Abstract and Keywords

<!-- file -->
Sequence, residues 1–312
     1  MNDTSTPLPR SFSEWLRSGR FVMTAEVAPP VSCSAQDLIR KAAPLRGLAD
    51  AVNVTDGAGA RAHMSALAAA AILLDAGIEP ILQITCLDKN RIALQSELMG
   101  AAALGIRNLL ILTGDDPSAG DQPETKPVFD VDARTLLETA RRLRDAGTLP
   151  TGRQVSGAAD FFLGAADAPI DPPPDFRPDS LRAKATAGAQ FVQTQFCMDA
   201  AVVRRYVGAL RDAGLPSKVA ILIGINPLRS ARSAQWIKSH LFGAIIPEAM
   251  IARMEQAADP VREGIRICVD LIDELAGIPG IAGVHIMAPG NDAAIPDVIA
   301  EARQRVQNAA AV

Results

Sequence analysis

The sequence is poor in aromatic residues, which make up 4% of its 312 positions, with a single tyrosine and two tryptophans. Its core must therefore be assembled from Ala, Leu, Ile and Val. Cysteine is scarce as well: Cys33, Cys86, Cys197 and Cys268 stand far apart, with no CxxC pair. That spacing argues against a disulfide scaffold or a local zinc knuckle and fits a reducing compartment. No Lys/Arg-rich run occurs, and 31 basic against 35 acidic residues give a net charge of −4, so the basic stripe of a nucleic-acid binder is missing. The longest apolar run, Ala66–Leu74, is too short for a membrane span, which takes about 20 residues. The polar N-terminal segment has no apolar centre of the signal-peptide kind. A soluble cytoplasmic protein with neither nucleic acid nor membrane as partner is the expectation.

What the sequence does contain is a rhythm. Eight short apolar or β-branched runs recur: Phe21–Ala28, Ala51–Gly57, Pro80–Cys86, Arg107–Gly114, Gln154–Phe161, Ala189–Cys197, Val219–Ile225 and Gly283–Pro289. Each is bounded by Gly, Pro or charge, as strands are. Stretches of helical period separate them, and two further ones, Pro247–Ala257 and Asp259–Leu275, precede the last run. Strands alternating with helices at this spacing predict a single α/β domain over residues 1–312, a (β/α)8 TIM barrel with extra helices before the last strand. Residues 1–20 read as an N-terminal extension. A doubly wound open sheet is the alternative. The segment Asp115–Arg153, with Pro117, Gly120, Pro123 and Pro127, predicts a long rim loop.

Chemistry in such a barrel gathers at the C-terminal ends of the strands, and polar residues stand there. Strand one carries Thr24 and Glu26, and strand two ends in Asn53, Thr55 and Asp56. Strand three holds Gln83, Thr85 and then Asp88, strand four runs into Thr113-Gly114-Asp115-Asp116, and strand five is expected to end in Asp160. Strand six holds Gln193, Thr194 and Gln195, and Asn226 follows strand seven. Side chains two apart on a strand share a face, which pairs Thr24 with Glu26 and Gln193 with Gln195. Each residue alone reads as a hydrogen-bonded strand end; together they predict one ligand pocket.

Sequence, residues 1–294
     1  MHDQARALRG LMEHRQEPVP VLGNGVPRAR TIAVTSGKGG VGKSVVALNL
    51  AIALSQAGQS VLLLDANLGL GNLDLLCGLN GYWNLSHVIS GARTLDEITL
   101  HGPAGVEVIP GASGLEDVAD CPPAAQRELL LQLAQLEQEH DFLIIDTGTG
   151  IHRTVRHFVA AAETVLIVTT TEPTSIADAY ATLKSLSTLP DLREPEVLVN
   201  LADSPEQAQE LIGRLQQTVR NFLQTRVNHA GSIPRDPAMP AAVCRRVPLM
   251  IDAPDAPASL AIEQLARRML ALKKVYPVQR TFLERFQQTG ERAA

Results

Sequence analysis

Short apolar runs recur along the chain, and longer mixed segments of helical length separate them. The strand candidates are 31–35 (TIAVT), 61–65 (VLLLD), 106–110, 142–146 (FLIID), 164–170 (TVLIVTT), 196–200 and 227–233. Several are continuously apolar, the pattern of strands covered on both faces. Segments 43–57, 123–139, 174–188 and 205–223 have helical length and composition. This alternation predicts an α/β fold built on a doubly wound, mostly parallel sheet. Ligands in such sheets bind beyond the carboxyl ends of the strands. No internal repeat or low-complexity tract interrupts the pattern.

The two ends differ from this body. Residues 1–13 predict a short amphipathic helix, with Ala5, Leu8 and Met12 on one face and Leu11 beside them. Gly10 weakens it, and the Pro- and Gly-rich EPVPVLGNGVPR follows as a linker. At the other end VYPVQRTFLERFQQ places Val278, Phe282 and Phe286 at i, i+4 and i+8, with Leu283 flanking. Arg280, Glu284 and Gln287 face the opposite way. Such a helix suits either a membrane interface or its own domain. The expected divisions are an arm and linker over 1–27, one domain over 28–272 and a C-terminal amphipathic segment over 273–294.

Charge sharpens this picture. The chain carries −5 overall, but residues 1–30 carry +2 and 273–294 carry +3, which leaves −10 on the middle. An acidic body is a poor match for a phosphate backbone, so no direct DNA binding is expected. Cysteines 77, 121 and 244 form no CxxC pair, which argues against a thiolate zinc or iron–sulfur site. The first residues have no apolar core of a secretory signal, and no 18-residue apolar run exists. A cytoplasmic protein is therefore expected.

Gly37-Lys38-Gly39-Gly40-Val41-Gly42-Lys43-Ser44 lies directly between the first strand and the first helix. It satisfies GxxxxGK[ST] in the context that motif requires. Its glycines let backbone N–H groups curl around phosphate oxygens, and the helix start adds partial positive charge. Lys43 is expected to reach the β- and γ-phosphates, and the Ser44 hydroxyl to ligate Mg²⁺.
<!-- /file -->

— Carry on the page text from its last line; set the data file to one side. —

This chapter is concerned with the foundations of Hobbes’s natural philosophy, notably his account of space and time, as well as an inertial law the author terms the “persistence principle” and a mechanistic principle of action by contact. The author argues that these foundational concepts and principles serve as a framework that places constraints upon the kinds of hypotheses that may figure in the explanation of phenomena, but they do not uniquely determine how natural philosophy is to be developed. In particular, the author shows that (contra Descartes and Thomas White) Hobbes took questions about the infinitude and uniqueness of the world as unanswerable in principle, although he regarded the question of the vacuum as an empirical matter that could be settled by experiment. Hobbes did, however, hold that certain doctrines (notably the Aristotelian theory of rarefaction and condensation) were incoherent and should be rejected on a priori grounds.
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